Spotting a Phish

Phishing emails are increasingly complex and difficult to spot.  Before clicking on a link, opening an attachment, or responding to an email, ask yourself the questions below.  If you answer yes to any, the email might be a phishing attempt and you should not engage with the sender.  If your company has a cyber security team, we recommend you forward the email to them for analysis. 

Please note emails from Terex Team Members will always come from the Terex domain,, no variations. 


The Sender


  • Is the email address from a suspicious domain other than “”  (e.g. or
  • Is it someone you don’t ordinarily communicate with from Terex?
  •  Is the email sent from someone at Terex you normally correspond with, but seems very unusual or out of character?
  • When replying to a message, carefully check the reply to address.  Is the address in the To box an address?


The Recipients


  • Was the email sent to more than one person, but you don’t recognize the names of the other recipients?  Does it seem like and odd grouping of recipients?
  • Were you Bcc’d on the email?




  • When you hover your mouse over the link in the email text content, is the actual link address for a different web site?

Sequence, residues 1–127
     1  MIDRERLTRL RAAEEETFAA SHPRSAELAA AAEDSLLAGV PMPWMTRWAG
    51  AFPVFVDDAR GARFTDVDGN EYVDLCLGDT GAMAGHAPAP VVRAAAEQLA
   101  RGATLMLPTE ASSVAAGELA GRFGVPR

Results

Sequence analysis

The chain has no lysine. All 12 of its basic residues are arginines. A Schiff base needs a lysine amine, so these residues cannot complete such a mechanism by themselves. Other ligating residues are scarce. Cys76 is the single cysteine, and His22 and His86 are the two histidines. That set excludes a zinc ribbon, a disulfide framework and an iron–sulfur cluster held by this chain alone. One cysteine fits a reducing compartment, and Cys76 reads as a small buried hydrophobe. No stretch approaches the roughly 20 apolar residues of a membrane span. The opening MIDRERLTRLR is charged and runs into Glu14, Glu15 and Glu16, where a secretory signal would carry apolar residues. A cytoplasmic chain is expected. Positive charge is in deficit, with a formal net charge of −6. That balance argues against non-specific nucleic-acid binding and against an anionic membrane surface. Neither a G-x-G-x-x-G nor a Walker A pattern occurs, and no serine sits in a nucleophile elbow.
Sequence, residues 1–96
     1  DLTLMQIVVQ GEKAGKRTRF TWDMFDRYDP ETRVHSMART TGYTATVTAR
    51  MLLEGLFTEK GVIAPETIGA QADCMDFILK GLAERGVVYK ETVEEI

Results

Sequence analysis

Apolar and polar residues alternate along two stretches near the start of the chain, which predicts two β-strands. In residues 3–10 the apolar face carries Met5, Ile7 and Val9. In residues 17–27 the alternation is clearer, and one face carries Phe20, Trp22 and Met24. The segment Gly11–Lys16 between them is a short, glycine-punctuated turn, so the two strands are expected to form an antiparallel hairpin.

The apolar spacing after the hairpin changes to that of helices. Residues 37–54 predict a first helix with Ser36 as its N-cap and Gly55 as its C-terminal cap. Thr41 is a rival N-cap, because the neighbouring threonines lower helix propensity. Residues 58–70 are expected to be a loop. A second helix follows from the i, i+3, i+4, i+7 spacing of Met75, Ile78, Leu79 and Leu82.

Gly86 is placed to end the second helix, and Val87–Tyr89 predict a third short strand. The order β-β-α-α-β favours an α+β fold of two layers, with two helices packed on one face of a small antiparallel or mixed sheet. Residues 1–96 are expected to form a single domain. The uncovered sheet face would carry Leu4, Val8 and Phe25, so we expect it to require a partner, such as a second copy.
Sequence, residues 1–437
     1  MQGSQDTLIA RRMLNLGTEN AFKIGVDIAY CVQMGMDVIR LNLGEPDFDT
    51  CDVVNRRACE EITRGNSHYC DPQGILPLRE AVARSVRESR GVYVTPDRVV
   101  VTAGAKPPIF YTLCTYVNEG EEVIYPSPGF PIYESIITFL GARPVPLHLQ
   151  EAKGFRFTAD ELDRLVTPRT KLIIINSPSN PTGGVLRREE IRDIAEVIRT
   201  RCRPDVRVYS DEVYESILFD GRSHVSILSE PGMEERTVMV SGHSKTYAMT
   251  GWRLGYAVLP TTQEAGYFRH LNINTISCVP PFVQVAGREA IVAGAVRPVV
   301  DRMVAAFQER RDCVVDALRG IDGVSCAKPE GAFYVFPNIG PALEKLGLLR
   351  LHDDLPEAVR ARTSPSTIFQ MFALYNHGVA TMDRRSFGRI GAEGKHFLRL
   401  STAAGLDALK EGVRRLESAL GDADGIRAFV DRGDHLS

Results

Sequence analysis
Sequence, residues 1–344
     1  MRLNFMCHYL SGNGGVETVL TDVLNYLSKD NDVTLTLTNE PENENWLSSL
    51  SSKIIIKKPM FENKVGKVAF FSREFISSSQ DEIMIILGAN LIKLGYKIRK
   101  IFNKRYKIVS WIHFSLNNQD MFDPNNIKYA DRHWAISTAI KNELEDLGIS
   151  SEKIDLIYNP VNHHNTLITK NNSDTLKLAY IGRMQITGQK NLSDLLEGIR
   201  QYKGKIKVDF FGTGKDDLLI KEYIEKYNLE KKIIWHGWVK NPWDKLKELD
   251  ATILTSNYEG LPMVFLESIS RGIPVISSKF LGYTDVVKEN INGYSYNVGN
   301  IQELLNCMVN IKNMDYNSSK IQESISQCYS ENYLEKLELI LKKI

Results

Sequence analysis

• Does the email only contain a link with only a vague explanation or no explanation at all?
  • Are there misspellings in the link?


Date and Time


  • Was the email sent at an unusual time of day or on a day the sender is normally off?




  • Does the subject line of the email not match the content of the message?
  • Does the subject indicate that it is a reply to a message you never sent or for information you never requested?




  • Is there an attachment for information that you did not request?
  • Does the attachment seem out of place with the content of the message?




  • Does the sender ask you to communicate with a different email address than what it was sent from?
  • Does the email ask you to click a link or open an attachment to avoid a negative consequence or to gain something of value?
  • Is the email out of the ordinary or does it have poor grammar or spelling errors?
  • Does the email try and create a sense of urgency?
  • Do your instincts tell you there is something odd about the email?

If you have submitted any sensitive information to any suspected scammer, you may report it to the Federal Trade Commission. For more information, see FTC’s How to Recognize and Avoid Phishing Scams